Human minibrains expose psychedelic drug effects, study reveals

A Brazilian study has detected variations in signaling pathways that are associated with neurodegeneration, inflammation, and neural plasticity stimulated by a compound from the dimethyltryptamine family known as 5-MeO-DMT.

© whitehoune /

Stevens Rehen, study leader, Professor of Federal University of Rio de Janeiro (UFRJ) and Head of Research at D'Or Institute for Research and Education (IDOR) stated: "For the first time we could describe psychedelic related changes in the molecular functioning of human neural tissue."

Although recent research has indicated that psychedelic drugs like ayahuasca brew, which contains DMT, Methylenedioxymethamphetamine (MDMA), and Lysergic acid diethylamide (LSD) and hold medicinal capability with possible antidepressant and anti-inflammatory effects, the absence of suitable biological tools has been indicated as a critical restriction for the detection of molecular pathways targeted by psychedelics in the brain.

Cerebral organoids, 3D neural cell cultures that imitate a developing human brain, have been exposed to a single psychedelic dose by Juliana Minardi Nascimento (IDOR and University of Campinas) and Vanja Dakic (IDOR), in order to reveal the impacts of 5-MeO-DMT.

These are DMT-responsive receptors. © D'Or Institute for Research and Education (IDOR)

Mass spectrometry-based proteomics was involved to analyze cerebral organoids and the results indicated that 5-MeO-DMT changed the expression of approximately a thousand proteins. Also, they mapped proteins that were influenced by the psychedelic drugs and their function in the human brain.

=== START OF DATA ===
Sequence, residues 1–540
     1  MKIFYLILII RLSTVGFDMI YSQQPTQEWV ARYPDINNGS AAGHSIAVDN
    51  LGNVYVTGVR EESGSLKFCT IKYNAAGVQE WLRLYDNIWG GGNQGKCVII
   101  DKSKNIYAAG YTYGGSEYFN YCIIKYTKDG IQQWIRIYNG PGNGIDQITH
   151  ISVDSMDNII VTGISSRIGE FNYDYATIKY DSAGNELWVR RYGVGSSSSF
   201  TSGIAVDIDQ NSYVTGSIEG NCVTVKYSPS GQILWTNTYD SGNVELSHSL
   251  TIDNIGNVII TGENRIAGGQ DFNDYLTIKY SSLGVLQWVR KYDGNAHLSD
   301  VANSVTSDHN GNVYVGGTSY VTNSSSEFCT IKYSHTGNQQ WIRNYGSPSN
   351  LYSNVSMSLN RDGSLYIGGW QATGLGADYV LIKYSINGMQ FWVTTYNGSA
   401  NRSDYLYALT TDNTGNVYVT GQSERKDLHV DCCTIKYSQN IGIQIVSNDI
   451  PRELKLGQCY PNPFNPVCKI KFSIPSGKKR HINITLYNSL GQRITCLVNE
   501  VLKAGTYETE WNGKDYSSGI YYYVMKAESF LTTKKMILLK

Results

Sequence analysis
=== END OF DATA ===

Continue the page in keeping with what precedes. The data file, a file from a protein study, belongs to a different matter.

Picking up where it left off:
Researchers discovered that proteins essential for maintenance and synaptic formation were upregulated. Among them, proteins associated with cellular mechanisms of memory and learning, main components for brain functioning.

Meanwhile, proteins involved in brain lesions, degeneration, and inflammation were downregulated, recommending a potential neuroprotective function for the psychedelic drugs.

Sidarta Ribeiro, Director of the Brain Institute of Federal University of Rio Grande do Norte (UFRN) and coauthor of the study, stated that the study indicates that classic psychedelics are strong neuroplasticity inducers, a tool of psychobiological transformation that is little known.

Professor Draulio Araujo (UFRN) and coauthor of the study stated that the study recommends probable mechanisms by which psychedelic substances exert their antidepressant impacts.


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